The literature of the ancient people of Lanai, like in the rest of the islands of Hawaii, is oral in nature and is deeply rooted in religion. The "mele" (poetic language) is a chant through which the ancient people told their stories and honored their deities and chiefs. Today, the word "mele" is also used to mean "song."

One of the most important oral literature of the ancient settlers in this island is the Kumulipo, an epic poem and a chant, which is said to have been composed to honor a high chief.

The mele can be categorized into two, mele hula and mele oli. The former is a chant accompanied by musical instruments and a dance and is usually performed by several people. The latter, on the other hand, is a chant unaccompanied by musical instruments and is usually performed by just one person. In this type of hula, the focus is on the chant rather than on the dance.

Today, chanting is still performed during the Hula. During official state functions, for instance, Hula is performed as a form of prayer. It is usually accompanied by mele.

Myths and legends also abound in Lanai. One of the island's popular legends is that of Puu Pehe. The story is said to have taken place in the offshore Sweetheart Rock located left of Hulopoe Bay. The legend tells about the maiden Puu Pehe who was kept in a cave near the rock by her lover. She drowned after a big wave washed the shore. With the help of the gods, her sweetheart buried her body on top of the rock before he himself leapt into the sea.

The people of Lanai explain through their legends the amazing geological features surrounding them. The existence of the awe-inspiring Keahiakawelo, for instance, has various mythical explanations. According to one account, the gods were so fond of creating art that they sent a strong wind to sculpt the rocks and boulders. Another explanation tells that the formations were created in order to house the spirits of the dead Hawaiian warriors. Still, a third version points to the the gods who dropped these rocks and boulders from the sky as they tended their garden.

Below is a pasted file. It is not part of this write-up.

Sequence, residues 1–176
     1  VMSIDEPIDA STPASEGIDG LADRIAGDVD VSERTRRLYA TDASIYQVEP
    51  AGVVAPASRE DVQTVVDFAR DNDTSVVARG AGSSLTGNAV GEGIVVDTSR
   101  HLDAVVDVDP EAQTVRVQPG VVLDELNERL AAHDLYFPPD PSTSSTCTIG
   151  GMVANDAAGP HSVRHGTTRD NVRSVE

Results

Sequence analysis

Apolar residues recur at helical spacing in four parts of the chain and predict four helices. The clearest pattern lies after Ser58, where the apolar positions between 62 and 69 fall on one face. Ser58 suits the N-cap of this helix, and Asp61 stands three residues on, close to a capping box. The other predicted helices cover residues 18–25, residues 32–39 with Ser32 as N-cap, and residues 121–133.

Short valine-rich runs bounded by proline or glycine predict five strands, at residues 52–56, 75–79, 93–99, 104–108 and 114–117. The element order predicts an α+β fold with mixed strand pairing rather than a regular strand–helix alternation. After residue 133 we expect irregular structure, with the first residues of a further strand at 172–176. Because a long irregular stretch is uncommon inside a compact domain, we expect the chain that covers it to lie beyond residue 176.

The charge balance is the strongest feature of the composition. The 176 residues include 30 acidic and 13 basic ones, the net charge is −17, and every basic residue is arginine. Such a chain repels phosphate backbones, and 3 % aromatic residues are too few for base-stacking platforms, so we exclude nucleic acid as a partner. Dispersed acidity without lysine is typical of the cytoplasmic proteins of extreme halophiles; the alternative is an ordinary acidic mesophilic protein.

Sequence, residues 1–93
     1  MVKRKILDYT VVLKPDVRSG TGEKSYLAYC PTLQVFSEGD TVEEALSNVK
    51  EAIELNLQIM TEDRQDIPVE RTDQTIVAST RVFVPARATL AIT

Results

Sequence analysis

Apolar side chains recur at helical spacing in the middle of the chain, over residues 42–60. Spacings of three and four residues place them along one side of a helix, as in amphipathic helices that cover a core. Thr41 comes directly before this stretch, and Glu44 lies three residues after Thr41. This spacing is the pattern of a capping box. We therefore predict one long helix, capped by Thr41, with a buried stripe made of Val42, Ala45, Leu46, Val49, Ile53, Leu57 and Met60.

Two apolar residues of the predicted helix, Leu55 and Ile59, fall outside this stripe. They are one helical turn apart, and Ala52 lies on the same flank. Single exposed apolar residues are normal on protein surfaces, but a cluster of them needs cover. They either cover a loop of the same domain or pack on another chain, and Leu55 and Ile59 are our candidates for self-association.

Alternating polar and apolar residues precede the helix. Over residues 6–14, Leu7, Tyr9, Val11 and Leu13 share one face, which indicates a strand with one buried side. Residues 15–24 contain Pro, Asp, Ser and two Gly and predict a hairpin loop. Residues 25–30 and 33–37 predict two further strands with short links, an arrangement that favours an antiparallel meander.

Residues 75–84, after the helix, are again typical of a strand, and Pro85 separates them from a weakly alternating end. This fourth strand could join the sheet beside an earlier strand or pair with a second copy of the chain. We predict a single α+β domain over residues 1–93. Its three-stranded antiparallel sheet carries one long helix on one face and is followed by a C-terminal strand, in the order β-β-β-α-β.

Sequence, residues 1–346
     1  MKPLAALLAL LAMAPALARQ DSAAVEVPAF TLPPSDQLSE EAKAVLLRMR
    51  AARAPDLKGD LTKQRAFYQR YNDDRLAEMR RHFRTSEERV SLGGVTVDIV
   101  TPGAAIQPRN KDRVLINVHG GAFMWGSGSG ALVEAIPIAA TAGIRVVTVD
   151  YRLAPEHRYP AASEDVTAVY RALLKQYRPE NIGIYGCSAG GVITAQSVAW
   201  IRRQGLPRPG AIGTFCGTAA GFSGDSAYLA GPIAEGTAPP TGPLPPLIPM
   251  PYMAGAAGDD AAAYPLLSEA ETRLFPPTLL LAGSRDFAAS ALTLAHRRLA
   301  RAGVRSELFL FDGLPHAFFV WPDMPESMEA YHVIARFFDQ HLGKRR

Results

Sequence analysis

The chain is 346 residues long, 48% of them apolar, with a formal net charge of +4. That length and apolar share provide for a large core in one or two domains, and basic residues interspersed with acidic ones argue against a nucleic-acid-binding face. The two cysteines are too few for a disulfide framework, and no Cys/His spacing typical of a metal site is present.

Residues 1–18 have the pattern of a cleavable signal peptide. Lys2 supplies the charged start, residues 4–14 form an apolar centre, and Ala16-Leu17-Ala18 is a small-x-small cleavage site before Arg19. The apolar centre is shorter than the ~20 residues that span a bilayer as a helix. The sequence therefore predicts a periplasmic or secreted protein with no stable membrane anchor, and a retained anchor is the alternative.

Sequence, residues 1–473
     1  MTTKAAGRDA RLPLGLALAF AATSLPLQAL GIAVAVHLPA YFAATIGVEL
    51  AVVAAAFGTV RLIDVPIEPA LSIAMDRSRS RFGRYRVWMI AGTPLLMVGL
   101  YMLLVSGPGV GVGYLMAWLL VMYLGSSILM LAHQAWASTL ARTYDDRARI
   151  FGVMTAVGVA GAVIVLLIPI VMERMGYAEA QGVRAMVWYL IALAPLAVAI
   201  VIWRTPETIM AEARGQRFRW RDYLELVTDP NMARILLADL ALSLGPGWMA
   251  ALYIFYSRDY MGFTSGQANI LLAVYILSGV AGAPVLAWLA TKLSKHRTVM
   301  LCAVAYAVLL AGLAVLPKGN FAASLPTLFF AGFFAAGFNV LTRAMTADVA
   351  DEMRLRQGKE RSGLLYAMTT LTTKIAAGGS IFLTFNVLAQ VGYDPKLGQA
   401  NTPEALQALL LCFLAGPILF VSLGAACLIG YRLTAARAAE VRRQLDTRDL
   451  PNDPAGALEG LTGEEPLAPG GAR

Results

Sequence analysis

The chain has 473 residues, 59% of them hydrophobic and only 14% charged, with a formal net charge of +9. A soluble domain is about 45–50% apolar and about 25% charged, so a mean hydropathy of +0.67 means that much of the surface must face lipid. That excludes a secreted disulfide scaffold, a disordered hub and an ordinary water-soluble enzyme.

The spirit of aloha characterizes the tradition of the people. The Hula, for instance, is still performed to greet visitors. Aside from this, the luau, or the traditional Hawaiian party, is still held on this island. There is actually a resort in Lanai where you can request for a luau.


The staple food of the people of Lanai is still the traditional poi. But Lanaian cuisine is also influenced by various cultures that came in contact with the culture of the native Lanaians. Because of the abundance of marine life in the place, seafoods have always been a part of the cuisines of the people of Lanai. Today, many restaurants in the place also boasts of their seafood offerings. Expect therefore that Lanaian cuisine, seafood or not, will taste of many influences.

How Lanaian culture came to be so rich

The diverese culture of Lanai is the result of the various migrations of people to this island. The most important event that influenced the history of Lanai is when James Dole purchased the island and turned it into a pineapple plantation. Because the industry fared well, many people from China, Philippines, Japan, Hongkong, to name a few, were invited and were lured to go to Lanai to work in the plantation. This is why the culture of the people of Lanai, just like in the rest of Hawaii, is a hodgepodge of various cultural influences. You can see this intermingling of many different cultures in Lanai's traditions, language, religion, cuisine and in many other aspects of their lives. But it is well to remember that foreign influences did not start until the 1920s and that Lanai and the rest of Hawaii had its own culture and traditions long before.

So if you want to visit a place teeming with diversity, not just in terms of environment, but also in terms of culture and tradition, Lanai should be on your list. On this island, you would not want for beautiful sights to see and you would be amazed at how so many diverse cultures could come together and form one very rich, unique and interesting culture.